Serum LDH is an independent prognostic factor in advanced cancer [26,29,33] (Grade B). Suh et al. demonstrated a significant increase in LDH concentrations in the last two weeks of life [29]. This retrospective study was limited however by sample size and was restricted to hospitalised patients [29]. Prospective multicentre studies across a variety of palliative care settings are required to confirm these preliminary findings. It has been extensively published that elevated serum LDH in cancer reflects tumour burden and aggressiveness [29,59]. Serum concentrations can be further elevated due to hepatic necrosis caused by hepatic dysfunction and/or metastasis in advanced cancer[29,60].

There is Grade B evidence for the prognostic role of hypocholesterolaemia in advanced cancer [26,29,33]. A number of risk factors for hypocholesterolaemia have been identified including: cancer, hepatic dysfunction, CACS, haematological disease and elderly populations [61].

Renal dysfunction

A number of potential prognostic biomarkers of renal dysfunction have been indicated in advanced cancer. Maltoni et al. demonstrated insufficient evidence for the prognostic role of proteinuria in advanced cancer [8]. Proteinuria is prognostic in a number of solid organ tumours [62,63] however, to our knowledge, there have been no recent published studies that investigate proteinuria as a predictor of survival in advanced cancer.

Elevated serum urea was demonstrated as a significant predictor of survival in three studies by multivariate analysis (Grade A) [24,34,41]. Gwilliam et al. identified serum urea as an independent predictor of two-week and two-month survival in advanced cancer [34]. Taylor et al. also found that serum urea and creatinine showed a statistically and clinically significant increase in the last two weeks of life [41]. There is Grade C evidence that serum creatinine is prognostic in advanced cancer [26,33].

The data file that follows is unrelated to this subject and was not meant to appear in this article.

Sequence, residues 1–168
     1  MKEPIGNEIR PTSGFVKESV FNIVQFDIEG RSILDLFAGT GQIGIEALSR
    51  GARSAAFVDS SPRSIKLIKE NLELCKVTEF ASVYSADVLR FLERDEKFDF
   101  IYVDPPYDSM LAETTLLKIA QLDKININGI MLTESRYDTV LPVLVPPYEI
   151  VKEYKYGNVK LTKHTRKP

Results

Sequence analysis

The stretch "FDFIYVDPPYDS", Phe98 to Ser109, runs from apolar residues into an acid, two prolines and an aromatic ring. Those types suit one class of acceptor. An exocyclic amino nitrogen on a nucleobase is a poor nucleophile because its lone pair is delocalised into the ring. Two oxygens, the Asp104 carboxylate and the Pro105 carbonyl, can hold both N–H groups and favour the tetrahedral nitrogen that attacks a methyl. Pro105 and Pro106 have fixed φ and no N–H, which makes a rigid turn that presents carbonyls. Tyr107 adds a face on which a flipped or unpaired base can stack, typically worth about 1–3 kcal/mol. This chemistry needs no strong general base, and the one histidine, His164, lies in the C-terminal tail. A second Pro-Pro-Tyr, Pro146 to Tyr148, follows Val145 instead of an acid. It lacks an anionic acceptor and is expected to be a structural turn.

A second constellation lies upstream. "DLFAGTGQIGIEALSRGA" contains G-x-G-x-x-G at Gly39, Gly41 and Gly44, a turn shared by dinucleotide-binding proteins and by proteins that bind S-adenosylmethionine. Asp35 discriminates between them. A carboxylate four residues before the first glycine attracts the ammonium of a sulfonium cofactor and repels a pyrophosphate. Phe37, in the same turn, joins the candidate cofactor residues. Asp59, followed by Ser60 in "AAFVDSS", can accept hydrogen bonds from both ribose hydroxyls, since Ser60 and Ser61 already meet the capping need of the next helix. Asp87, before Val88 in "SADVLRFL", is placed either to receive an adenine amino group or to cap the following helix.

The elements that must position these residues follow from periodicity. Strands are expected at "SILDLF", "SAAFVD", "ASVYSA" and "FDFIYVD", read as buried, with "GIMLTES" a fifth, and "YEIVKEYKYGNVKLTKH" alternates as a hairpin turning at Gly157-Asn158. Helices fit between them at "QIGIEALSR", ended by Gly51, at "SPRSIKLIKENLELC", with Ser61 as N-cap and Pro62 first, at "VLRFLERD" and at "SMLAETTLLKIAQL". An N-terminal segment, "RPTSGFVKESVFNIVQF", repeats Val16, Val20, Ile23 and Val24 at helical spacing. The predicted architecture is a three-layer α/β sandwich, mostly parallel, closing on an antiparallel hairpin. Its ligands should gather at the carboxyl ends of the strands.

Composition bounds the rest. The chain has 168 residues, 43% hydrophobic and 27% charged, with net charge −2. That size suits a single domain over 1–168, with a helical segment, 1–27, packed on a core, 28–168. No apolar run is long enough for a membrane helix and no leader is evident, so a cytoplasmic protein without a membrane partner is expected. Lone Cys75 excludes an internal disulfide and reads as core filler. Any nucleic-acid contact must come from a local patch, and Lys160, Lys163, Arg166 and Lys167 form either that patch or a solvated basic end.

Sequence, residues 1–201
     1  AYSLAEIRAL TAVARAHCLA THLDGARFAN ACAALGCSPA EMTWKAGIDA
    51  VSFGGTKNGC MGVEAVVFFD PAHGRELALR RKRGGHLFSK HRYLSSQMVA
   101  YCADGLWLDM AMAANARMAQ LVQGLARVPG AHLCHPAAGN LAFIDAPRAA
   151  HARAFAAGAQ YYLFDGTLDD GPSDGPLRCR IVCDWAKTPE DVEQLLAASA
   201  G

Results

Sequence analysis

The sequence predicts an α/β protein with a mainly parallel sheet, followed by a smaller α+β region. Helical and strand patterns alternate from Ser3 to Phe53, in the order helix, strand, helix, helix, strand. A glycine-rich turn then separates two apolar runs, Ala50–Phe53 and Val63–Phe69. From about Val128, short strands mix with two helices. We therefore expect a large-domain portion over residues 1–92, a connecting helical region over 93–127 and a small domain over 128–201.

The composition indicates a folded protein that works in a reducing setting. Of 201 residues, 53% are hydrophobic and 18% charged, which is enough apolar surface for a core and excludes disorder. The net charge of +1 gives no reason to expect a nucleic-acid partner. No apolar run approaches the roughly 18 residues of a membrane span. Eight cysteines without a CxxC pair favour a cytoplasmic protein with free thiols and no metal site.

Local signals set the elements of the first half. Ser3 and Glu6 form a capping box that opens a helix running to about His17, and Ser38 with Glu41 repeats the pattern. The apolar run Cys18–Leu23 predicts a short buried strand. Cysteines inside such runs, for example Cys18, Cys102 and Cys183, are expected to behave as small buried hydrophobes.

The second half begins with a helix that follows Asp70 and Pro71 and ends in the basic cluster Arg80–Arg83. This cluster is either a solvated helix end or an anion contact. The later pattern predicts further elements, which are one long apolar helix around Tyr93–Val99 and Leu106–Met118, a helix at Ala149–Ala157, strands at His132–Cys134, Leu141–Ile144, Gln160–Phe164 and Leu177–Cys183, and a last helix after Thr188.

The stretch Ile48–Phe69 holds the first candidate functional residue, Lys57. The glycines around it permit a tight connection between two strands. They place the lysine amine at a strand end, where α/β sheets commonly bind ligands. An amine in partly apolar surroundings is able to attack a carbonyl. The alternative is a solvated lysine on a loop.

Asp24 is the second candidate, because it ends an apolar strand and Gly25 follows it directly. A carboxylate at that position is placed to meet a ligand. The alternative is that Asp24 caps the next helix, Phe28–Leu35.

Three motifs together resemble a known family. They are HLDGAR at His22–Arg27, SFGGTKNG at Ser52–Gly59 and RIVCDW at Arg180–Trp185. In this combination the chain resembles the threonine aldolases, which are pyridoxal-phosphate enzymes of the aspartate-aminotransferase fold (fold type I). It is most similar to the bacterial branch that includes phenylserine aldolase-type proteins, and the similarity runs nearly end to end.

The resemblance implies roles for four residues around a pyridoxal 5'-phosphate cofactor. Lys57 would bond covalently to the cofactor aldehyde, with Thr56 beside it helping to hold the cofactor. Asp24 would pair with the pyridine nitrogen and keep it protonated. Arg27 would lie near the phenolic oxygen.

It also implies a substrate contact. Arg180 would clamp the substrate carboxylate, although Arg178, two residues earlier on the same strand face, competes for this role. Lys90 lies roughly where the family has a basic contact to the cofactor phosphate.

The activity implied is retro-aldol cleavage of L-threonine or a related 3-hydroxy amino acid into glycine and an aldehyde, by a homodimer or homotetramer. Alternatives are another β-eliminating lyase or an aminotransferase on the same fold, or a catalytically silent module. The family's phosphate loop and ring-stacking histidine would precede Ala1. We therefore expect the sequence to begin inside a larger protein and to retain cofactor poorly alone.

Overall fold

There is Grade B evidence that serum urate is a significant prognostic factor in advanced cancer [26,29,33] and serum urate levels were significantly increased in the last two weeks of life [26]. A number of potential explanations for raised serum urate concentrations have been hypothesised including: renal dysfunction and cellular injury caused by hypoxia and/or inflammation [26].

The mechanisms for renal dysfunction at the end of life are unclear. Oliguria was identified as a significant prognostic factor in two univariate analyses [26,29]. It is hypothesised that glomerular filtration rate is reduced at the end of life. Although hypotension is a prognostic factor, there are conflicting results whether blood pressure falls during the dying phase [41,64].

Electrolyte changes

There is Grade A evidence that serum sodium is a significant predictor of survival in advanced cancer [30,35]. These studies involved hospitalised patients; and acute illness may be a confounding factor. One multivariate analysis identified hyponatraemia as an independent predictor of survival in advanced cancer [42]. The most common aetiology of hyponatraemia in cancer is syndrome of inappropriate secretion of antidiuretic hormone (SIADH) [42,65]. Conversely, hypernatraemia at the end life is commonly caused by dehydration [30] and is associated with shorter overall survival in hospitalised patients receiving palliative care [30]. Although, Taylor et al. demonstrated a statistically significant elevation in serum sodium in the last two weeks of life, results were not clinically significant [41]. Serum sodium levels rather than serum sodium may be a more useful prognostic factor for future studies.